Last year, just before a conference attended by trucking companies, oil companies, and state and federal environmental agencies, Williams sent 15 truck drivers into Tijuana, Mexicali, and Rosarito to collect diesel samples at Pemex stations, the retail outlets for the Mexican petroleum company (Petróleos Mexicanos) owned by the Mexican government. Her intention was to contrast the difference between the "dirty fuel" coming from Pemex stations and that of the more costly diesel in California.
Williams invited representatives of Pemex to this conference, offering to pay travel expenses. She said she received promises from some Pemex executives to attend, "but then their public affairs guy said, 'Don't call here anymore. We don't want to get involved.' "
The CTA sent the nine good samples of Pemex diesel to core Laboratories in Los Angeles for testing. Williams says the lab report showed that "the fuel sold in Mexico is exactly like the fuel sold in California." In other words, CARB diesel.
For the trucking association, it was no longer a question of Mexican trucks fouling California air, but of unfair competition from below the border.
Industry sources say that the main producers of diesel fuel in California are Chevron, Tosco (the company that owns unocal and Arco. A spokesman for the latter, reached by phone, said that his company had a contract with Pemex to supply the Rosarito facility with premium gasoline, but not diesel. Pemex, he said, "comes to the San Diego distribution terminal [the pipeline and storage tanks in Mission Valley] to pick up and sell it in Mexico." The price that Arco sold it for was proprietary information, he stated. He did acknowledge that the am/pm mini-markets that now attach to the newer Pemex stations in Baja are operated by an Arco subsidiary.
Last June, Tosco never returned calls inquiring about the matter, and a Chevron spokesman, while noting the absence of a pipeline from Mexico's interior to Baja, said he knew nothing about any diesel sales to Pemex in Rosarito.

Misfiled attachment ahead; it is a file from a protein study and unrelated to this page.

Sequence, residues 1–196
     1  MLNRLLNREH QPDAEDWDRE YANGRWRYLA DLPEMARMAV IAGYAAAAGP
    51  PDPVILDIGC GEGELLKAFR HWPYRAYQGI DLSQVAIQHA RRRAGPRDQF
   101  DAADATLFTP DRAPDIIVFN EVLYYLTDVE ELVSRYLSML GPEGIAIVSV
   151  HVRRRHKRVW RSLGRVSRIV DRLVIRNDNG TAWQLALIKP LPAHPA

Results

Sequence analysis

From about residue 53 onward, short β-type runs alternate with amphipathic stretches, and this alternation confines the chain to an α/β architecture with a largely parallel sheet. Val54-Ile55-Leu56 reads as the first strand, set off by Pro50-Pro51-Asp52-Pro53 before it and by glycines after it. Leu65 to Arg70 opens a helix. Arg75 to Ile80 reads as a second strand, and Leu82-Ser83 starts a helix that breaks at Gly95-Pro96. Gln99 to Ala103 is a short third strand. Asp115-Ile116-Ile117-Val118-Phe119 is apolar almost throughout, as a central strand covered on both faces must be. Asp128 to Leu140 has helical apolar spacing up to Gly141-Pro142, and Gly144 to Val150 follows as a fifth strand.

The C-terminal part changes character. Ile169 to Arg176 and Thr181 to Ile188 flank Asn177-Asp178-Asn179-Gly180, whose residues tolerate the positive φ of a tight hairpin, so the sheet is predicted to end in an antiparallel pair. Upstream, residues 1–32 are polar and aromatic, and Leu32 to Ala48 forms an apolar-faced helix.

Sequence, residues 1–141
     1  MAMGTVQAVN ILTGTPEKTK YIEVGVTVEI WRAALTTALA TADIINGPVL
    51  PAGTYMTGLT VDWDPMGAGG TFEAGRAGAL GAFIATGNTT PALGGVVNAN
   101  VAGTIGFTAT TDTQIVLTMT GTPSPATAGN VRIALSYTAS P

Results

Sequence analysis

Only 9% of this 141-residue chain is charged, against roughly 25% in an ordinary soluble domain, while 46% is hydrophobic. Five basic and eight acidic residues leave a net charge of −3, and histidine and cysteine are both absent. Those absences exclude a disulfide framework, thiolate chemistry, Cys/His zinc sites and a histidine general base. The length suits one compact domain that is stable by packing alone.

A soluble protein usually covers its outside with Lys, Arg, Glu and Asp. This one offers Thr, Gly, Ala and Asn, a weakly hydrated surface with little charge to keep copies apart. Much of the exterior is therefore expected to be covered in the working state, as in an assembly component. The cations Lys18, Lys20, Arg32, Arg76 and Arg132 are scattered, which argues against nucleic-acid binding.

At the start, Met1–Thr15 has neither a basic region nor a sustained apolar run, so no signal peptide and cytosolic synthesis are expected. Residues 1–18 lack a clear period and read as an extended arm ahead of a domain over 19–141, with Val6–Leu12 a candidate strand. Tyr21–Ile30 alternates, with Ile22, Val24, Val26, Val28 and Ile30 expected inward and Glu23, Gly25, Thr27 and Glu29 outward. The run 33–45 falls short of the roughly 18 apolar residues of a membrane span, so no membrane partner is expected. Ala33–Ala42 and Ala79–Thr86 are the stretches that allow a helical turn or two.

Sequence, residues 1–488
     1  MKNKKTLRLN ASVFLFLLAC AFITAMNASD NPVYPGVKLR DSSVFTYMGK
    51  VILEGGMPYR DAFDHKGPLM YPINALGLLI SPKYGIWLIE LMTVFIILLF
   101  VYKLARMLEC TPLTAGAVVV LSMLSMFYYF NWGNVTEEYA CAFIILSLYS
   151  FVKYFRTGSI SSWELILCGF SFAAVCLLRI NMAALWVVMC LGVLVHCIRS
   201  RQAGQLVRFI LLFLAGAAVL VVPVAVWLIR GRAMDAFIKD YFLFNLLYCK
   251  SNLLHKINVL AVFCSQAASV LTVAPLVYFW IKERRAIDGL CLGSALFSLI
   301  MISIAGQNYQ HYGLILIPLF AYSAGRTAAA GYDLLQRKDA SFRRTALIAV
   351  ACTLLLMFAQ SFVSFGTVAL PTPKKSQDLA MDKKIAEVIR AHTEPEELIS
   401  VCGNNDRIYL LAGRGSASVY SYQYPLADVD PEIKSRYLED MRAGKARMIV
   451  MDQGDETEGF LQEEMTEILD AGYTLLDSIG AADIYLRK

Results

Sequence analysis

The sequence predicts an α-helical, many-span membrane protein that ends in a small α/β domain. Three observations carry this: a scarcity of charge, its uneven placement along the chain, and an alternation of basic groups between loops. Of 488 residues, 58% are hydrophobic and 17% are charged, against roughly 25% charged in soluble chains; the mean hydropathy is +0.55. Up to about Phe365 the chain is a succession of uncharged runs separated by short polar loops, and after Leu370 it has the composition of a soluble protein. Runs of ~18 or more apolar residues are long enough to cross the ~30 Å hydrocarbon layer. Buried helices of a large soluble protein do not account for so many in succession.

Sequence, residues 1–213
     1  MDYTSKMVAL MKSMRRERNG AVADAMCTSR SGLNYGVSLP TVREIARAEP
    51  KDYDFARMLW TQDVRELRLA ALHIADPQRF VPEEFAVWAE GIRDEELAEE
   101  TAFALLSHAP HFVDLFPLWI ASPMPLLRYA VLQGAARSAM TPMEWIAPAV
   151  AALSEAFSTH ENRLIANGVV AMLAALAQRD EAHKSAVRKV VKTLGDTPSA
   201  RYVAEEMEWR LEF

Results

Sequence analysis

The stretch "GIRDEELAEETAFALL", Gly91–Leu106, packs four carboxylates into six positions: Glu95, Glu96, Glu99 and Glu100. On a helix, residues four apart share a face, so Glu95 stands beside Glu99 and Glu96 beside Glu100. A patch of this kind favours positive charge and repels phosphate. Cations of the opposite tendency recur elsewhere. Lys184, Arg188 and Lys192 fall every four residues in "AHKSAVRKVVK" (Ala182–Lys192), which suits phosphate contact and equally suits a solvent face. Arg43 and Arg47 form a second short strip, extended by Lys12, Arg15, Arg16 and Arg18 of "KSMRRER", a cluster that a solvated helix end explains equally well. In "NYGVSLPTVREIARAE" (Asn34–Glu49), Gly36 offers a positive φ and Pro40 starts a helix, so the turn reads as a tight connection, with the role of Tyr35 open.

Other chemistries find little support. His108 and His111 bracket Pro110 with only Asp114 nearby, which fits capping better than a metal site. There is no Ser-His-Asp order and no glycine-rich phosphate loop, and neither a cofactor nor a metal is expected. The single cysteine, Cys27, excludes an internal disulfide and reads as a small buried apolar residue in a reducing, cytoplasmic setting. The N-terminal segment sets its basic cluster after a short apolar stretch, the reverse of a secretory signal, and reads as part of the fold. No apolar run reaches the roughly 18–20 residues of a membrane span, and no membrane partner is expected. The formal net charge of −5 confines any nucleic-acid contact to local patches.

Francisco de la Garza Andrade, the superintendent of the Pemex facility, acknowledged that all the premium gasoline sold by Pemex stations in Baja came from California, as well as some of the regular gas. But Pemex did not import diesel fuel, he said. "The diesel we are selling is Mexican diesel. It's of good quality."
While the matter rested there, the trucking association, over a period of six months, collected seven more samples of diesel fuel from Tijuana and vicinity, at different stations and on different days. Once again the independent petroleum testing lab in Los Angeles reported results that people in the industry said were consistent with being CARB diesel, not EPA and not likely even a blend. (Some in the California petroleum business, such as jobbers who distribute the fuel to retail stations and critics of the industry, believe that California refiners regularly export a blend of CARB and EPA diesel fuel, or that they produce and export a lot of "off-spec" fuel, supposedly due to mistakes during the refining process.) But no one from big oil or the Mexican petroleum bureaucracy was publicly admitting to anything.